comment on this article

Intelligent hand-held games

In 1979, New Electronics reported on one of the earliest handheld games - the Amaze-a-tron.

Made by American company Coleco, the Amaze-a-tron was a maze game for one or two players. The simple device selected a start and end point and players had to find a path between the two by listening to sounds and watching the led indicators.

The game featured eight different variations; Maze, Blind Alley Maze, Back To Start Maze, Blind Alley Back To Start, Solitaire Maze, Solitaire Back To Start, Opposite Start and Opposite Start Back To Start, which all involved getting from A to B using 'movers' to find the path. Overall there were more than a million maze variations. The original instruction manual is available to view here.

Founded in 1932, Coleco was originally a manufacturer of shoe leather, but later went on to develop leather craft kits in the 1950s. It then began manufacturing plastic moulding and moved into plastic wading pools in the 1960s. Under ceo Arnold Greenberg, the company entered the video game console market with the Telstar in 1976 before moving on to handheld electronic games such as the Amaze-a-tron in 1978.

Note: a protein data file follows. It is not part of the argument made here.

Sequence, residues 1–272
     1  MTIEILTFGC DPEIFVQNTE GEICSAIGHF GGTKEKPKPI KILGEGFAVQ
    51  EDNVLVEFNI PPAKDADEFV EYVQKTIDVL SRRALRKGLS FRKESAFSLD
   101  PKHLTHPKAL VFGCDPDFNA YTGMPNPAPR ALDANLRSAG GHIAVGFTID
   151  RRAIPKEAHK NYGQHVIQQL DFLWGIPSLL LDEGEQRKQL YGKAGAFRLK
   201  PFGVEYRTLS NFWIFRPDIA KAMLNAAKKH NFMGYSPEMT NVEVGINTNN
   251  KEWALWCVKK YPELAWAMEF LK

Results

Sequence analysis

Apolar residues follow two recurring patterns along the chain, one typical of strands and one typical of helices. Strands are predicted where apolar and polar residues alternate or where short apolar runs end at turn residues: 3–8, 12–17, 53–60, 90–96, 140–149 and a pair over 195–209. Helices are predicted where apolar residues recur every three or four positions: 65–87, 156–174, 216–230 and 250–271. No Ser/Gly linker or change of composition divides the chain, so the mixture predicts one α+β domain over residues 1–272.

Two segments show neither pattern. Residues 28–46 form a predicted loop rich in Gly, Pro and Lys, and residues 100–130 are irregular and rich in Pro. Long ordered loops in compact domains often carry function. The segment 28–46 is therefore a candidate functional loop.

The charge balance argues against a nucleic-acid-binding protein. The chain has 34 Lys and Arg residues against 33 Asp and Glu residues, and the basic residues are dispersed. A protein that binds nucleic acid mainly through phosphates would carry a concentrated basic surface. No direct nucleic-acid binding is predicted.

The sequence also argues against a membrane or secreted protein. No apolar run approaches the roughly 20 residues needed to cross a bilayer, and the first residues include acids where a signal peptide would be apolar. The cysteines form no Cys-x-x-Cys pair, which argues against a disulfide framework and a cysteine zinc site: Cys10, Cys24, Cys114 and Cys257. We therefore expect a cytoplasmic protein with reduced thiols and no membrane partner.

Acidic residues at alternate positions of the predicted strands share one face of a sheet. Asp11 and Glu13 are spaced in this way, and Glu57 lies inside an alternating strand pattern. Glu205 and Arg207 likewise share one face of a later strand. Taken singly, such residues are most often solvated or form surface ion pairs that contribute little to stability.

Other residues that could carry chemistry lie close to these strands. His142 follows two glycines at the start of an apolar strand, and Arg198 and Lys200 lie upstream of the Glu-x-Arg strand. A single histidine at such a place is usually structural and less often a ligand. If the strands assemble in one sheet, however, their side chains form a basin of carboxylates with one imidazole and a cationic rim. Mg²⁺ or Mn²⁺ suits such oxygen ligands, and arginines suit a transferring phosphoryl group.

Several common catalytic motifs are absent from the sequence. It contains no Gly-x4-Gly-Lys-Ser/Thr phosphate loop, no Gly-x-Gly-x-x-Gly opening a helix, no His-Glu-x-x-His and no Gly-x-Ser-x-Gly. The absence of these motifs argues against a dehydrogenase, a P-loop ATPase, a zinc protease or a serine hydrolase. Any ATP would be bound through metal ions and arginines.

The company then went on to produce a 'head to head' series of two player sports games and a mini arcade series which included Donkey Kong and Ms.Pacman. In 1983, it launched the hugely popular Cabbage Patch Kids series of dolls, but the overwhelming success was still not enough to keep the company afloat and it filed for bankruptcy the year after. All of its assets were sold to toy giant Hasbro in 1989.

Laura Hopperton

Comment on this article

This material is protected by MA Business copyright See Terms and Conditions. One-off usage is permitted but bulk copying is not. For multiple copies contact the sales team.

What you think about this article:

Add your comments


Your comments/feedback may be edited prior to publishing. Not all entries will be published.
Please view our Terms and Conditions before leaving a comment.

Related Articles